by Laura Spanijan

Last October, thousands of people from across the country made the pilgrimage to South Bend for Notre Dame’s annual game against Stanford. South Bend hotels routinely sell out during home football weekends, so as recently as five years ago many of these visitors would have hopped in their rental cars and skipped town as soon as the clock reached double zeroes.

However, a new trend has changed the dynamic for Fighting Irish fans. For last year’s Stanford game, about 1,000 additional people spent the weekend in South Bend, even with hotels at peak capacity. By staying in the community for a longer stretch of time, they spent additional dollars at South Bend’s restaurants, shopped at South Bend’s stores and took in a nightcap at South Bend’s bars. This economic impact was made possible by Airbnb, the home sharing platform that connects guests to hosts with extra rooms.

Airbnb and the home sharing community now play valuable roles in helping Indiana cities during large events by using pre-existing resources — people’s homes — to expand lodging capacity when hotels sell out. For that Stanford game, those 1,000 extra visitors translated to nearly $200,000 in supplemental income for South Bend’s Airbnb host community. Additionally, Airbnb hosts helped Indianapolis welcome well over 2,000 additional travelers for the Indy 500 as hotels sold out months in advance.

While the value is clear for big events, this new iteration of the sharing economy is democratizing travel and spreading the benefits of responsible, family-friendly tourism throughout Indiana. A diverse array of cities across the state is experiencing an infusion of new travelers through home sharing — from Gary to Fort Wayne to Nashville — thanks to the 3,000+ Hoosiers who share their homes on Airbnb.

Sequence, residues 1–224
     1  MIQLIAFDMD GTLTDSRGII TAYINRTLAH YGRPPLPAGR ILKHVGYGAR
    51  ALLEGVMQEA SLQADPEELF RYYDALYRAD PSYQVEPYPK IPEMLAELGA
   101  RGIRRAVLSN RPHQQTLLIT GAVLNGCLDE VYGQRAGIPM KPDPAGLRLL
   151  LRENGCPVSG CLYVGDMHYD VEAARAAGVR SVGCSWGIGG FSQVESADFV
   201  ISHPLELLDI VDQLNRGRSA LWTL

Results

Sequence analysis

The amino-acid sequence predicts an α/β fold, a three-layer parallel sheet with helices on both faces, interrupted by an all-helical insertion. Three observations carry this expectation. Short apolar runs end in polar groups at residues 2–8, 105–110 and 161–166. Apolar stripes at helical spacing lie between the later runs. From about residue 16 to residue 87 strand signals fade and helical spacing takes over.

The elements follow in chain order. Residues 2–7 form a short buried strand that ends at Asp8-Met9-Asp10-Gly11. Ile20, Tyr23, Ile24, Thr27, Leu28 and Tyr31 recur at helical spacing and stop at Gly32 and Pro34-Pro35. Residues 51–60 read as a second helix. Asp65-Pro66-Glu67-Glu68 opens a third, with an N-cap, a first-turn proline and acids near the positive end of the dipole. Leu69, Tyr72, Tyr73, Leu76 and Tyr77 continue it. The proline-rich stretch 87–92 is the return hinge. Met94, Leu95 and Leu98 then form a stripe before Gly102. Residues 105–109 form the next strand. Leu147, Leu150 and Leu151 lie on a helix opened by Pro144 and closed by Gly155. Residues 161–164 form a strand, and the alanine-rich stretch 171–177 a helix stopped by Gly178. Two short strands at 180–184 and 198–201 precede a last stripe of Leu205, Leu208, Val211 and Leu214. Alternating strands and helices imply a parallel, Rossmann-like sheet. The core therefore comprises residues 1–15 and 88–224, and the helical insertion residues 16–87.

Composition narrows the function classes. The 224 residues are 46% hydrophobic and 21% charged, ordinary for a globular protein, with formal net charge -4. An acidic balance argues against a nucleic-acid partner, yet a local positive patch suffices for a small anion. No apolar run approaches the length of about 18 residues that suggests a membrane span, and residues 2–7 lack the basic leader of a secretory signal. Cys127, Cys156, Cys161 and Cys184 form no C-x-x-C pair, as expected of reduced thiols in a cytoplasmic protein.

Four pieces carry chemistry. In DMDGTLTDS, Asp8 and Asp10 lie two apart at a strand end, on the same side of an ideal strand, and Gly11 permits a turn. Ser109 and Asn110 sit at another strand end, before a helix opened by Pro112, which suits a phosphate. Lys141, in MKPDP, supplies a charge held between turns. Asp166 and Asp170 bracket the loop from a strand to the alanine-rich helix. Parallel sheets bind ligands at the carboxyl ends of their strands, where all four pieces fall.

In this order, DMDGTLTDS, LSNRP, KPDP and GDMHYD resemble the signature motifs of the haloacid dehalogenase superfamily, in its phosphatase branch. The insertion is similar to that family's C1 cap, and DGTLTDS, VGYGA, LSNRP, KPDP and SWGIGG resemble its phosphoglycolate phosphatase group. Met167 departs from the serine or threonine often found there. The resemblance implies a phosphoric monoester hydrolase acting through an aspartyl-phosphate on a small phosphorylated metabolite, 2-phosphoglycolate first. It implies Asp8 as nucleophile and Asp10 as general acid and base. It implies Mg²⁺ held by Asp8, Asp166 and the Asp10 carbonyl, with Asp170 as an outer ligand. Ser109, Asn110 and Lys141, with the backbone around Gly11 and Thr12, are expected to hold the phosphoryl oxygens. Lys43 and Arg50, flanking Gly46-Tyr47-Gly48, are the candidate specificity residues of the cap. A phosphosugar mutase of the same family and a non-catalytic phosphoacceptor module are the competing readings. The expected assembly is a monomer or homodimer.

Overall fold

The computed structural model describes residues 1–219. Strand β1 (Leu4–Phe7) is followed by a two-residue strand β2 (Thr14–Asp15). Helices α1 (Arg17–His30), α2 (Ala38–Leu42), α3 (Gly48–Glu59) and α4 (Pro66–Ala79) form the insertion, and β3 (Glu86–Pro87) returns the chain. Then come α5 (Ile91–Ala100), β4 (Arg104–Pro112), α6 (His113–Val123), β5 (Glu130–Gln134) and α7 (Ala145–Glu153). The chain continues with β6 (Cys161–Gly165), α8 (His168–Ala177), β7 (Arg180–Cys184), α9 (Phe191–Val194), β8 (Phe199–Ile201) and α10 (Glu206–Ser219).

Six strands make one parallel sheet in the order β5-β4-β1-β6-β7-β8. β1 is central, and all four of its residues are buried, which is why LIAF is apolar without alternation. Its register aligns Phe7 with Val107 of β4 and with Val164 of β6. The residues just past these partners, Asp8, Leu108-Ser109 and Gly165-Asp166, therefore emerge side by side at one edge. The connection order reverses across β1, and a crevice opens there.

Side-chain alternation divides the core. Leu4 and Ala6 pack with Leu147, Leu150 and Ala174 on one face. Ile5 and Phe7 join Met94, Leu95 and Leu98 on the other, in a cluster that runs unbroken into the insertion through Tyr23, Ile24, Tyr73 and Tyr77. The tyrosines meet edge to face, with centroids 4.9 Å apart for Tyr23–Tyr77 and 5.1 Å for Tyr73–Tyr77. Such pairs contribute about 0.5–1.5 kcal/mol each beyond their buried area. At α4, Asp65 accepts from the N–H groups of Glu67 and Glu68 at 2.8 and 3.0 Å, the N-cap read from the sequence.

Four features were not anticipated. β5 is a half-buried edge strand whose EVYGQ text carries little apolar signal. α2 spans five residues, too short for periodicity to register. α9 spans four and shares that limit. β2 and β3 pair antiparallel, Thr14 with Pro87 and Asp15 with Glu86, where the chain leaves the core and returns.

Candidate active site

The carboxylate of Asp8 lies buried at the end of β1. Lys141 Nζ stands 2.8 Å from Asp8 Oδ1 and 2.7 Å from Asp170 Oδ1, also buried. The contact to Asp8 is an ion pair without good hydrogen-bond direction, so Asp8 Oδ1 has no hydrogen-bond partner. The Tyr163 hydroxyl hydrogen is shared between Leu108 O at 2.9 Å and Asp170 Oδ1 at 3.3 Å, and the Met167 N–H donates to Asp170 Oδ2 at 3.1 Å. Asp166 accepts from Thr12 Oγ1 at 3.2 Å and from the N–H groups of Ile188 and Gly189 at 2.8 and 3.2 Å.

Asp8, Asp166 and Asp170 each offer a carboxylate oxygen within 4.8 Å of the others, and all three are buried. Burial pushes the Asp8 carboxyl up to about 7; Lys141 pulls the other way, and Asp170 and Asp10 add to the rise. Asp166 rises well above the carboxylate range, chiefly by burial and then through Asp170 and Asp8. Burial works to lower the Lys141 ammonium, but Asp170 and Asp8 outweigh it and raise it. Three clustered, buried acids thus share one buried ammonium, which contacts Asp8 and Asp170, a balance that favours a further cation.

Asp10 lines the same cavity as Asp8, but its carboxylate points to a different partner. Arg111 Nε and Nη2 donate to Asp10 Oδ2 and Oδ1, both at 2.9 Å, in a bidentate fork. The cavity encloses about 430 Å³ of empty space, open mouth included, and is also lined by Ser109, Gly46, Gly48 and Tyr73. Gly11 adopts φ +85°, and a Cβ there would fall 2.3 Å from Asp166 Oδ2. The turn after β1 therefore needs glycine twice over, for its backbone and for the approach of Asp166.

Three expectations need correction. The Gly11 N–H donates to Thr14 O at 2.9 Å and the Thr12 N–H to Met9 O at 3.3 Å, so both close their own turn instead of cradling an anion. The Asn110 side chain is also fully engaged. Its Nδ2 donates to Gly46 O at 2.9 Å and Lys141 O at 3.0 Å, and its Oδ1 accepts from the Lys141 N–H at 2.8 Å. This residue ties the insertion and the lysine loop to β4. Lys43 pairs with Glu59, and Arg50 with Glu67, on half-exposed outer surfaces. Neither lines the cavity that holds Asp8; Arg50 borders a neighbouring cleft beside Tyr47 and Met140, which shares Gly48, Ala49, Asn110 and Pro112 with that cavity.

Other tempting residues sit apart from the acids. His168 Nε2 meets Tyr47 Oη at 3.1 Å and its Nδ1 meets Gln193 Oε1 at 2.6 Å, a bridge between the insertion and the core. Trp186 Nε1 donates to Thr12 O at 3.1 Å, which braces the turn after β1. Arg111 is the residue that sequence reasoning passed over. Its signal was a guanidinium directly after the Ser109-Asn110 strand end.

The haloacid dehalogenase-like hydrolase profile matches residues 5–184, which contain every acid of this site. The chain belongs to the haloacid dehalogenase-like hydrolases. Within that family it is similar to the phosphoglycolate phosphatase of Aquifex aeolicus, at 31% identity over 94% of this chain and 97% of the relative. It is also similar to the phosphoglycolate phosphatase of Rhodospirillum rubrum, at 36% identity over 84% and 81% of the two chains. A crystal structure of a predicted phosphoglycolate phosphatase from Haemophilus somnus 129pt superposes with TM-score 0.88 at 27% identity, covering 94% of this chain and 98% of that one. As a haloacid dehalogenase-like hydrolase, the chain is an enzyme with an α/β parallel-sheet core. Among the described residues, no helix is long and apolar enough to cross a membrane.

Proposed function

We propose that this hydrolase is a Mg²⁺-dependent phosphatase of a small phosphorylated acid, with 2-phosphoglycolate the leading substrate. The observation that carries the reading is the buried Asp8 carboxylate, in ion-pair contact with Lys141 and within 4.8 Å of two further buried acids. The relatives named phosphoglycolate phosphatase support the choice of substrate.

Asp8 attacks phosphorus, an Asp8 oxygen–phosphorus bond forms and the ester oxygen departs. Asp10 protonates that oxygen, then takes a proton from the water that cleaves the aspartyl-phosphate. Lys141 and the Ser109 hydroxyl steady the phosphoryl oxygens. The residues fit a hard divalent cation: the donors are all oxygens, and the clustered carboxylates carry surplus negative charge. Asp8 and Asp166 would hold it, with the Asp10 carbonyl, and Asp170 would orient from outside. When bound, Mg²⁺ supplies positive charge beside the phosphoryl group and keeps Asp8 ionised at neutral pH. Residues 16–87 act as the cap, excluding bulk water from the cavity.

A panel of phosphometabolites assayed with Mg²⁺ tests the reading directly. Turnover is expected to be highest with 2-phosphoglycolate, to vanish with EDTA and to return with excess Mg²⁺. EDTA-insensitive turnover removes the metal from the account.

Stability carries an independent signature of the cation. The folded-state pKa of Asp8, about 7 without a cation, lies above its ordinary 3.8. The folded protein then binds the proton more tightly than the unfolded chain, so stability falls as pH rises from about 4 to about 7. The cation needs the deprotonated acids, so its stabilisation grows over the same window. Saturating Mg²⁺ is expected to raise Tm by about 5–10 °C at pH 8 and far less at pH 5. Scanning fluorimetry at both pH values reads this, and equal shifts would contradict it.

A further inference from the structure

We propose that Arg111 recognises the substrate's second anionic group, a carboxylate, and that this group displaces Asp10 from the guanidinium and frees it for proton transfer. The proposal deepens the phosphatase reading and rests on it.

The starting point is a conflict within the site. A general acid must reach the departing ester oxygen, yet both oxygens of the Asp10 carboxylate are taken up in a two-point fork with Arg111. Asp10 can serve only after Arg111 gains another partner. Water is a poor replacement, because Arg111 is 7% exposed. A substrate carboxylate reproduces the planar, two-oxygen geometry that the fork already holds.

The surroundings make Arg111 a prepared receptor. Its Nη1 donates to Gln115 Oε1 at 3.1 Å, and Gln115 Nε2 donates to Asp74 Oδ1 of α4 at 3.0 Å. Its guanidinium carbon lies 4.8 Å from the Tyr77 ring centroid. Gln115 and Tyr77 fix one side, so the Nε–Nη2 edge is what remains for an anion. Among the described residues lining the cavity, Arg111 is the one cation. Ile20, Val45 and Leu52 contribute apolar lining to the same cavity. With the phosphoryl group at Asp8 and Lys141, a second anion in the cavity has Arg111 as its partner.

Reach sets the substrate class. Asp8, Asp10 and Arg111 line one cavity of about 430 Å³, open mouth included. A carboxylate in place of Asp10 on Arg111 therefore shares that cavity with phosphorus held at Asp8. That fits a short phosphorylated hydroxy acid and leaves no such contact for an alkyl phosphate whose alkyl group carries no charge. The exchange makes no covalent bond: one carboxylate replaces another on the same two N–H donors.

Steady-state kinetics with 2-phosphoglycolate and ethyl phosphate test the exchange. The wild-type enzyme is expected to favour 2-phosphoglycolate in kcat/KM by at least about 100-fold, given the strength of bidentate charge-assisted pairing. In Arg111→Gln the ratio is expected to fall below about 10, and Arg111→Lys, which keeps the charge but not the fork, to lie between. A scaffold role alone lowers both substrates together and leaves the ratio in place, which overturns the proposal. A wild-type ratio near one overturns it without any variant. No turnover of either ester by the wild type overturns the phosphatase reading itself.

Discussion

Home sharing empowers Indianapolis, in particular, to cast a wider net to prospective travelers whose budgets simply cannot accommodate higher hotel rates. It also allows visitors to authentically experience Indy as the locals do while driving tourist dollars and activating economies in neighborhoods that lack hotels.

Take Broad Ripple and Fountain Square, two fast-rising Indianapolis neighborhoods known for their vibrant cultural scenes and first-class restaurants. Each is home to just one small hotel, but their dozens of Airbnb hosts help route local tourism revenue to their merchant communities.

Unfortunately, the hotel lobby feels threatened by Airbnb hosts and has disingenuously attempted to portray them as professionals. In reality, the overwhelming majority of Indiana Airbnb hosts are regular, middle-class people who share the home in which they live full-time. And of those hosts, 41 percent simply share an extra, unused room in their residence — commonly empty nesters whose kids have left the home. They earn modest but valuable income from home sharing — $3,500 typically — that is used to pay the bills, take care of the mortgage and add to their savings.

Several state leaders — particularly Majority Floor Leader Matt Lehman — have worked to protect the ability of Hoosiers to responsibly share their own homes. HB1133 passed the State House last legislative session with bipartisan support and came just one vote short in the State Senate. As we look ahead to the 2018 session, we hope legislators will take the next step and solidify Indiana’s status as a leader in harnessing the economic power of the sharing economy.

The home sharing movement has already instilled community economic development while offering visitors a genuine home away from home right here in Indiana. Fair policies and a collaborative partnership between Airbnb, our hosts, and state policymakers will promote responsible tourism consistent with Indiana’s brand and values.

Laura Spanjian is the Midwest policy director for Airbnb.

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